Over the past couple of weeks American Apparel's stock has tumbled to under a dollar, and is currently trading at around 81 cents. Shareholders are not happy, having seen their American Apparel stock tumble to an all-time low of 66 cents this year, and feel misled, leading to the threat of a third class-action suit within the past two weeks, according to L.A. Weekly. Attorney Howard G. Smith is representing the latest suit, alleging that the store "violated federal securities laws by issuing material misrepresentations to the market concerning American Apparel's operations and financial performance." Another potential class-action suit that arose before that accuses American Apparel of misleading investors when CEO Dov Charney said that his company would remain unaffected when more than 1,500 workers had to be let go as result of immigration reform.
However, Fast Company reported this week:
In a weekly conference call today with international stores and corporate heads, the AA chief blamed a lack of immigration reform and media misunderstandings for the company's woes. According to a source listening to the call, Charney disputed reports that the company is nearing bankruptcy and out of cash. Rather, he said, one of the core issues is AA's employment troubles. "The real core issue is we lost 2,500 people," Charney said, referring to what American Apparel attorney and spokesman Peter Schey calls a "routine" 18-month investigation and early 2010 immigration and customs enforcement action that resulted in the loss of workers, many of whom didn't have proper immigration documents. (Schey tells Fast Company the number of employees shed after the enforcement action was more like 1,500.)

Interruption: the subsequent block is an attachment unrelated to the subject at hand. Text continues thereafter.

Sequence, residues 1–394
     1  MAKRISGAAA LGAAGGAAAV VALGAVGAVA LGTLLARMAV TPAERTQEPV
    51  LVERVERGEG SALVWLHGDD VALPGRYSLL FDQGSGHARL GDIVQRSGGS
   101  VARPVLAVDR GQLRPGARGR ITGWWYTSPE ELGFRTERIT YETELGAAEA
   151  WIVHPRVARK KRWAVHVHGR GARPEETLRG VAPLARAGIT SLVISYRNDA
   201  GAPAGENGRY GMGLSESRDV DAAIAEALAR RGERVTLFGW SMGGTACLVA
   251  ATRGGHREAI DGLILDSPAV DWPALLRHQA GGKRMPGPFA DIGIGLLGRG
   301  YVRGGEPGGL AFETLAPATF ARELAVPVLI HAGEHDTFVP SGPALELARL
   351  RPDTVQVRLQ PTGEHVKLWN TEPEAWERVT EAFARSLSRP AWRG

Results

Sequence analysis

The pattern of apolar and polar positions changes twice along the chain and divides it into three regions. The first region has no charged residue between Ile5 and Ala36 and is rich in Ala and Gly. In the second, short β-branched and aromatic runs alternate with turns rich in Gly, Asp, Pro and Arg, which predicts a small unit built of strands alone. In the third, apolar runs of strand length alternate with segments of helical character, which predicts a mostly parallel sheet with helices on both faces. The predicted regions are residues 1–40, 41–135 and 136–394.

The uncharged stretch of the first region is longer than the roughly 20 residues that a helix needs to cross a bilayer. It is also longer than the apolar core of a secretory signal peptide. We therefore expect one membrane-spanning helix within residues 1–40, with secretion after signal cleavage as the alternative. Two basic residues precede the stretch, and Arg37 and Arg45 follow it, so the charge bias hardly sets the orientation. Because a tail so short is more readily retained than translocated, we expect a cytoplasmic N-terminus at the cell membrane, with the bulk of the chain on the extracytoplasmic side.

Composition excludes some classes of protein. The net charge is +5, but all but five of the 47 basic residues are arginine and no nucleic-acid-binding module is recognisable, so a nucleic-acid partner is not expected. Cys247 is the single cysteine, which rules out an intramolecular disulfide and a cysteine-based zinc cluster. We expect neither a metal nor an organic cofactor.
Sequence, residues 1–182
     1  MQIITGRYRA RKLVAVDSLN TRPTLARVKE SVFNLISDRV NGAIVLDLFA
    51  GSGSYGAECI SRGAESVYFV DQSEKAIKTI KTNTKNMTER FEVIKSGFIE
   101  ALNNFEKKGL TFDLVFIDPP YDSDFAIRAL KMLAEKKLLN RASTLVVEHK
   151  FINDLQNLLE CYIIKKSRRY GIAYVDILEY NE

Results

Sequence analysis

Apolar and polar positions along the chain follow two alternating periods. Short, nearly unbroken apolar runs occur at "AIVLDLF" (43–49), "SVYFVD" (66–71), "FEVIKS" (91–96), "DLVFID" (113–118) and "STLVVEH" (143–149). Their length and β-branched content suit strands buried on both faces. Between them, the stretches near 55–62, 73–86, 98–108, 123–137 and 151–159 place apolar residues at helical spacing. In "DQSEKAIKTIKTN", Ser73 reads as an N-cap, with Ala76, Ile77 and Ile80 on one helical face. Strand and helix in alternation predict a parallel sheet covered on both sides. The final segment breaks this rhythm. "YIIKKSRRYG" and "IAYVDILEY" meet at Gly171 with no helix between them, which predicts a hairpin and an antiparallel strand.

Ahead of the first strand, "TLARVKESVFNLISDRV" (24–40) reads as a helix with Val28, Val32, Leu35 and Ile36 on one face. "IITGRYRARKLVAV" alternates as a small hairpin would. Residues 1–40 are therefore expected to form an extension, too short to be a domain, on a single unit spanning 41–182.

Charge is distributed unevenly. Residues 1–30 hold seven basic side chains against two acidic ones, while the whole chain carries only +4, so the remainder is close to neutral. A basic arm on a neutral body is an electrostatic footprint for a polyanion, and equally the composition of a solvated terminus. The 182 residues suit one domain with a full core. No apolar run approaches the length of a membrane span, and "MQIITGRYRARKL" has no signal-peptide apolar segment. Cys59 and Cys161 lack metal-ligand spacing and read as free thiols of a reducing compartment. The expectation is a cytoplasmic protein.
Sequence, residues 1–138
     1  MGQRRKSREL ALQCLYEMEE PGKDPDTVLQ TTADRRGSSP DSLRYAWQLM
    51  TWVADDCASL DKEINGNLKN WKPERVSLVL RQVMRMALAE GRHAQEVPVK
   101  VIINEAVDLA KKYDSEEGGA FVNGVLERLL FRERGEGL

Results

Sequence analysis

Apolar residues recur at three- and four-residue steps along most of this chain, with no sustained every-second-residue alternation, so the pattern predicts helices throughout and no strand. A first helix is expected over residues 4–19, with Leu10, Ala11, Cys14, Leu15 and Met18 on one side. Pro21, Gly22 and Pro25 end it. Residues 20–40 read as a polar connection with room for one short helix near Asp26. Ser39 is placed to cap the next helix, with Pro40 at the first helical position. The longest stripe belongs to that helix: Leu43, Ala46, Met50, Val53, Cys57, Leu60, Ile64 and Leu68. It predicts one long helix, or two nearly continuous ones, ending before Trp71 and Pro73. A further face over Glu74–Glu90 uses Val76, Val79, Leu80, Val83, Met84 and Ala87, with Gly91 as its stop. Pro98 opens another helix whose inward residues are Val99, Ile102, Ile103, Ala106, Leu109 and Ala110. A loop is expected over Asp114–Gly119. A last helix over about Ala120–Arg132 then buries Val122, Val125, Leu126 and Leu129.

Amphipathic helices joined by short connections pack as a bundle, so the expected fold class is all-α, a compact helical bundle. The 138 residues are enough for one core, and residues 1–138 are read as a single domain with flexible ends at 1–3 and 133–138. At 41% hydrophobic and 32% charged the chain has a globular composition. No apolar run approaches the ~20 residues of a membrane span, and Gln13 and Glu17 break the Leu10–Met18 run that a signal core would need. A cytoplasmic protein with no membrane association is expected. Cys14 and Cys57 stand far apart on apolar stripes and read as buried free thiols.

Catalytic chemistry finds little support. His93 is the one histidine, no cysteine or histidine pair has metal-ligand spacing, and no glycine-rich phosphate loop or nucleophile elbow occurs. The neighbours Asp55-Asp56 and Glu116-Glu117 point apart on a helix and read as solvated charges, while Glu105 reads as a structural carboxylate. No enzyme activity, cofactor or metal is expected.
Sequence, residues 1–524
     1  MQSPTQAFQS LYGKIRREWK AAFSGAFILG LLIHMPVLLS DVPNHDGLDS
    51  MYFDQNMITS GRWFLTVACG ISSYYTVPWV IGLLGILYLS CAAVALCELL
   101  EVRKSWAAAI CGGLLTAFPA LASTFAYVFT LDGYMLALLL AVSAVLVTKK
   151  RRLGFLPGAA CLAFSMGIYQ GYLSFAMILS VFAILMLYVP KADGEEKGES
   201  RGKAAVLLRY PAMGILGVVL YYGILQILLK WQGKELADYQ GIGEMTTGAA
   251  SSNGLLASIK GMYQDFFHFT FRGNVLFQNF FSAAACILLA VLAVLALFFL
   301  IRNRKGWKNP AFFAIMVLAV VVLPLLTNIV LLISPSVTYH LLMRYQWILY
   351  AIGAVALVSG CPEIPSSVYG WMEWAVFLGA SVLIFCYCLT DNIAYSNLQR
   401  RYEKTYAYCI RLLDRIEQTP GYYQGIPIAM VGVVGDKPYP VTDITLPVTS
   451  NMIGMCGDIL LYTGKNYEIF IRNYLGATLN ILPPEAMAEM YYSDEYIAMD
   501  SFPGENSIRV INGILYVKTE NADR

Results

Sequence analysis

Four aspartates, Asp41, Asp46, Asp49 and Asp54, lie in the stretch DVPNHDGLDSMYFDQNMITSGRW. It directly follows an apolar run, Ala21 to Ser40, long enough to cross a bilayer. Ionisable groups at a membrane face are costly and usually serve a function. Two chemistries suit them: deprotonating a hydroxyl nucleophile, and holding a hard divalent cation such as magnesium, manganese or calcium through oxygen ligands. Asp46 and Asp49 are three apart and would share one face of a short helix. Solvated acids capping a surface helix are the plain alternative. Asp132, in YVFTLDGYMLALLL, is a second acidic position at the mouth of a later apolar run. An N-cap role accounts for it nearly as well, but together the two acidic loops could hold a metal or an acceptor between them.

And still a third suit accuses the company of throwing similar types of shade by misrepresenting itself to shareholders and hurting its image. Earlier this week, the New York Stock Exchange threatened — and not for the first time — to delist American Apparel if they can't prove they'll get their act together by November as they operate under the increasingly likely possibility of filing for bankruptcy. Oh, and by the by, they're about $120 million in debt.